Asian stocks down as Fed reduces stimulus

January 30, 2014
Women chat in front of a securities firm in Tokyo, Wednesday, Jan. 29, 2014. Global stock markets rose Wednesday as jitters about emerging economies were soothed by the Turkish central bank's aggressive interest rate hike to stabilize its currency and China's infusion of funds into its banking system. Japan's Nikkei 225 jumped 2.7 percent, closing at 15,383.91. (AP Photo/Shizuo Kambayashi)

TOKYO (AP) — Shares fell Thursday in Asia as weak economic data from China and Japan deepened concerns over ongoing reductions in U.S. monetary stimulus.

Japan's Nikkei 225 index was down 2.6 percent at 14,887.96 after the government reported that retail sales fell 1.1 percent in December from the month before.

After a euphoric rise in Japan's stock market last year, sentiment has dimmed as the Japanese yen reversed some of its weakness against the U.S. dollar, raising worries over the potential impact on exporters.

The recent volatility in emerging market currencies has led investors to shift toward "safe haven" currencies such as the yen and dollar.

The release of a survey confirming that China's manufacturing contracted in January added to the gloom, with Hong Kong's Hang Seng down 0.5 percent to 22,035.42.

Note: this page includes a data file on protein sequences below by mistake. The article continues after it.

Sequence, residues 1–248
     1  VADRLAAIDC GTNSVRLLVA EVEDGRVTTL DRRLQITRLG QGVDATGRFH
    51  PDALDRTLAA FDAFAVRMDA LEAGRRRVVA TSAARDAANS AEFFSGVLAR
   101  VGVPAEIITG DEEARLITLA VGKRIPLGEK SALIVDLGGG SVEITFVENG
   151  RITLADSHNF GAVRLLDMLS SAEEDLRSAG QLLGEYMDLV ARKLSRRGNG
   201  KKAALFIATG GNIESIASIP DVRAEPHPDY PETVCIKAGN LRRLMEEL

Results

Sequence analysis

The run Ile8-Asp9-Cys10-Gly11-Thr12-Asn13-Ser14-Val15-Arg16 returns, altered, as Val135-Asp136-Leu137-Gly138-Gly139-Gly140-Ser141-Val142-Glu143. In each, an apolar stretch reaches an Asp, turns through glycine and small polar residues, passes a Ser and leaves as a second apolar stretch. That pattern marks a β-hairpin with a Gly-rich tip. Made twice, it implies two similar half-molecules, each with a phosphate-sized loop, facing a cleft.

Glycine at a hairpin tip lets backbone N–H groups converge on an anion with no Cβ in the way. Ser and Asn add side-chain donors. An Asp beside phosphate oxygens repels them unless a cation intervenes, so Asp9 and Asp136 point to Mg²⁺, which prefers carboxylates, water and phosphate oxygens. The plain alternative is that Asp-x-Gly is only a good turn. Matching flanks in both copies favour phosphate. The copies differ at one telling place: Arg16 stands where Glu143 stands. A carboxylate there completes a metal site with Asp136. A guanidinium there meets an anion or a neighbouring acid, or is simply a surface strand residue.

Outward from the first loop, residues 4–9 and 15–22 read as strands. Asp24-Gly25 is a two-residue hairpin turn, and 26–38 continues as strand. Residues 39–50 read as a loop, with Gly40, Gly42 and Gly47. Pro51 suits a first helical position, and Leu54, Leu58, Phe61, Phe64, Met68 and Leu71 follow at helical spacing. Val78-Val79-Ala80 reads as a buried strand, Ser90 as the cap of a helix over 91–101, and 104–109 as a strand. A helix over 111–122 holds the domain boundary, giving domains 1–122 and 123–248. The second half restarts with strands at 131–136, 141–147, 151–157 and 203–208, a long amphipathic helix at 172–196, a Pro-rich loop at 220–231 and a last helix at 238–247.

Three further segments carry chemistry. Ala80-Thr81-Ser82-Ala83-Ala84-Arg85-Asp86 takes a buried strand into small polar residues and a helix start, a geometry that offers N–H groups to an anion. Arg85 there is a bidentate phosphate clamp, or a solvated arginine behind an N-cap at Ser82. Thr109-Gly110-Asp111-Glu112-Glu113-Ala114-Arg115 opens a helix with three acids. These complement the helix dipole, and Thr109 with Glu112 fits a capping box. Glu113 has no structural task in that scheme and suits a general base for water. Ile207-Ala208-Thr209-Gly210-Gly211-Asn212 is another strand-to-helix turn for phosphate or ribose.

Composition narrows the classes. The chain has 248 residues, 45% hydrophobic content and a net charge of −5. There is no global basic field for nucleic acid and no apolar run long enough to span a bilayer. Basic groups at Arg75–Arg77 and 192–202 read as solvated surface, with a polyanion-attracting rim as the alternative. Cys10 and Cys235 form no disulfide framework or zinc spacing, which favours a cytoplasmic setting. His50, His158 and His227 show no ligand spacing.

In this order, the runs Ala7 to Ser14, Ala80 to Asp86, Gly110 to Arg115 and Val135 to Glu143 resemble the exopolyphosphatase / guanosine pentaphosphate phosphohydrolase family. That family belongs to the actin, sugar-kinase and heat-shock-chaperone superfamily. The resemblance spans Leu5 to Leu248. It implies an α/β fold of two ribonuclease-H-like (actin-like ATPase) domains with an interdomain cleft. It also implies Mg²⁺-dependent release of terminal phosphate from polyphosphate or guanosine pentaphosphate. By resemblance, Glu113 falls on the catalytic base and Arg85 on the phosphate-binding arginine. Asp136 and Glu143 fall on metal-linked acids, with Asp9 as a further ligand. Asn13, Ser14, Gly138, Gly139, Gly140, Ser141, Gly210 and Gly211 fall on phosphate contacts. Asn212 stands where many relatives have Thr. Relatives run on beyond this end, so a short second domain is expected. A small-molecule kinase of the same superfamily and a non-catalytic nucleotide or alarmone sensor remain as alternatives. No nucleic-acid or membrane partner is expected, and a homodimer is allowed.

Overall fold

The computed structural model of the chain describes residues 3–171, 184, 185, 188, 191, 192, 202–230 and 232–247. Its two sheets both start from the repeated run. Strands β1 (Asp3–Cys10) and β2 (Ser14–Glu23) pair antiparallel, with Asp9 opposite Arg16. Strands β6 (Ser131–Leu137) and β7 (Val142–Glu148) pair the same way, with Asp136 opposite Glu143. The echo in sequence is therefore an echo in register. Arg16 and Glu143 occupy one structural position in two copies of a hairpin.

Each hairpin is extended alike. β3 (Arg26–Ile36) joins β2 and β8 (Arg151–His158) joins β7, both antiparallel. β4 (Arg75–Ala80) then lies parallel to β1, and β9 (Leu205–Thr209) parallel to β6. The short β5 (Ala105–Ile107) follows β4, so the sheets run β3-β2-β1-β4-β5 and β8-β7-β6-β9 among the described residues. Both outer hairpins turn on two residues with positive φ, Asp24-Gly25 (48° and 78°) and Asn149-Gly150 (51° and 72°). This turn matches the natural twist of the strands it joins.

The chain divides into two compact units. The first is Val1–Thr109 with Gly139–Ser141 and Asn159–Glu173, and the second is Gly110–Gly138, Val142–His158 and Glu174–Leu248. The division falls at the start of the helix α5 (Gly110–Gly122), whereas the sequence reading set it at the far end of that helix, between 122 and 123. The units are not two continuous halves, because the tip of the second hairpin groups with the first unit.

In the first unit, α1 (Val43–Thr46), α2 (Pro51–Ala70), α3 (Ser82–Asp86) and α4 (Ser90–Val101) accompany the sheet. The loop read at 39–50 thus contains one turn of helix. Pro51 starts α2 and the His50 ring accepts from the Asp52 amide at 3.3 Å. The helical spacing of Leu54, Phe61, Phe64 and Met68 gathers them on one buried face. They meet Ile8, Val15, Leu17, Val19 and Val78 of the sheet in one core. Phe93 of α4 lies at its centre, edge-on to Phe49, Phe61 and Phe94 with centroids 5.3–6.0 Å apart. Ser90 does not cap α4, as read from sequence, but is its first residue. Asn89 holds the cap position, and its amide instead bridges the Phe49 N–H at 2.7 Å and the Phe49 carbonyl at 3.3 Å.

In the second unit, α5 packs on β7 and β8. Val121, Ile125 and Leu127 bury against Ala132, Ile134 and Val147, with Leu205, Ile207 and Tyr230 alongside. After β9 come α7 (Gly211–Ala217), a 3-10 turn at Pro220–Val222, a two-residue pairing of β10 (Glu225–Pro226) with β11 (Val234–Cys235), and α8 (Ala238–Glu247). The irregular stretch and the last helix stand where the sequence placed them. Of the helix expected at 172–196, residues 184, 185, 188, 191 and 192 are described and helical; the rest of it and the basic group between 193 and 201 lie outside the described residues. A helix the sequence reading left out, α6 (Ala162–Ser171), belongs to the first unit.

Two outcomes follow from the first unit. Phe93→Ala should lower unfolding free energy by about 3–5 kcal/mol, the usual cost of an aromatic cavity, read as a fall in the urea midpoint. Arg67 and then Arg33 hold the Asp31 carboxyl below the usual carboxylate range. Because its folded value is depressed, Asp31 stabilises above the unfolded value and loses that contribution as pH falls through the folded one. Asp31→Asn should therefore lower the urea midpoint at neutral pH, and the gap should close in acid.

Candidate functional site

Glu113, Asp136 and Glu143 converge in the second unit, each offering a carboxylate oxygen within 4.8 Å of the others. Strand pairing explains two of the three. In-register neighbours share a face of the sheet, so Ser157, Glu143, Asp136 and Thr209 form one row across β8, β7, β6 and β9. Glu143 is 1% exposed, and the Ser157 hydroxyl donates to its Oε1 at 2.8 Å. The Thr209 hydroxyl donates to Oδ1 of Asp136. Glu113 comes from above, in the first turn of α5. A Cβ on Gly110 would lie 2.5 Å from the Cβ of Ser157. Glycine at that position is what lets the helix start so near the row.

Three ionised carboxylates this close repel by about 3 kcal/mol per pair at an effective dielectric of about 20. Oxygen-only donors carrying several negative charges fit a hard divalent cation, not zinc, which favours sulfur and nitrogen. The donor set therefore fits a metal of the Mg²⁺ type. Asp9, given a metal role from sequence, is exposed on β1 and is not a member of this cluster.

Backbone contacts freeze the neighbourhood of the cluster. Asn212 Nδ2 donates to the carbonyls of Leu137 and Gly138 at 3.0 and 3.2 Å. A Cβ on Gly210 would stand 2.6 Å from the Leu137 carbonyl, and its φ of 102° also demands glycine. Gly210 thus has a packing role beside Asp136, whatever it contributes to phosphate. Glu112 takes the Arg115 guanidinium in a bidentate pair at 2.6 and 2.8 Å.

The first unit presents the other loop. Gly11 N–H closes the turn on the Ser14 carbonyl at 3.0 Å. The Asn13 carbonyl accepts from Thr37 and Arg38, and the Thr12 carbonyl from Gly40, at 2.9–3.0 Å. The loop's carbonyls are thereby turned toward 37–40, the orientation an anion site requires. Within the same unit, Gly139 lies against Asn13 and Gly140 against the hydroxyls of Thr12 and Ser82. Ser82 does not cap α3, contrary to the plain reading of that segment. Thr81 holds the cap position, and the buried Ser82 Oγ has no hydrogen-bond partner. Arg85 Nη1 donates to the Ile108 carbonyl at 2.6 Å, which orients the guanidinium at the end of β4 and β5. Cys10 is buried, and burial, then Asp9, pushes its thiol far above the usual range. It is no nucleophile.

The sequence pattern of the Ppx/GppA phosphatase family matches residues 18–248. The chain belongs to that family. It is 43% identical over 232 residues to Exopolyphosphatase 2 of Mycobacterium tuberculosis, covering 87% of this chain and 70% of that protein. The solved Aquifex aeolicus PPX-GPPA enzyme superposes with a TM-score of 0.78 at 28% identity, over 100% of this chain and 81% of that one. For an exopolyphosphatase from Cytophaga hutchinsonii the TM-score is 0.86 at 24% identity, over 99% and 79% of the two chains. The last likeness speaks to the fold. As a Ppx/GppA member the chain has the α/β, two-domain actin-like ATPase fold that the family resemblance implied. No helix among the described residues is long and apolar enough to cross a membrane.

Markets in Taiwan and South Korea were closed on the eve of the lunar new year. Shares in Australia, New Zealand, mainland China, Indonesia, Singapore and the Philippines fell, while Malaysian shares rose.

Stocks got a temporary boost Wednesday from aggressive interest rate hikes by the Turkish central bank aimed at stabilizing the lira and keeping inflation in check.

The U.S. Federal Reserve's decision to further "taper," or reduce, its mortgage and long-term bond purchases was a major factor in roiling Asian markets Thursday.

The monthly purchases have supported U.S. economic recovery by keeping interest rates low but also sent money into stocks and other assets with higher returns. The Fed is reducing stimulus as hiring and other economic indicators have improved.

Overnight, disappointing earnings from big U.S. companies, ongoing jitters in emerging markets and the Fed's announcement combined to drag Wall Street lower for the fourth day out of the last five.

The Standard & Poor's fell 18.30 points, or 1 percent, to 1,774.20. The Dow Jones industrial average fell 189.77 points, or 1.2 percent, to 15,738.79. The Nasdaq composite dropped 46.53 points, or 1.1 percent, to 4,051.43.

In Europe, Germany's DAX fell 0.8 percent to close at 9,336.73. Britain's FTSE fell 0.4 percent to 6,544.28, while France's CAC 40 lose 0.7 percent to 4,156.98.

In other markets, benchmark oil for March delivery was up 16 cents to $97.52 a barrel in electronic trading on the New York Mercantile Exchange. The contract slipped 5 cents to close at $97.36 on Wednesday.

In currencies, the euro fell 0.1 percent to $1.3650. The dollar was little changed at 102.41 yen.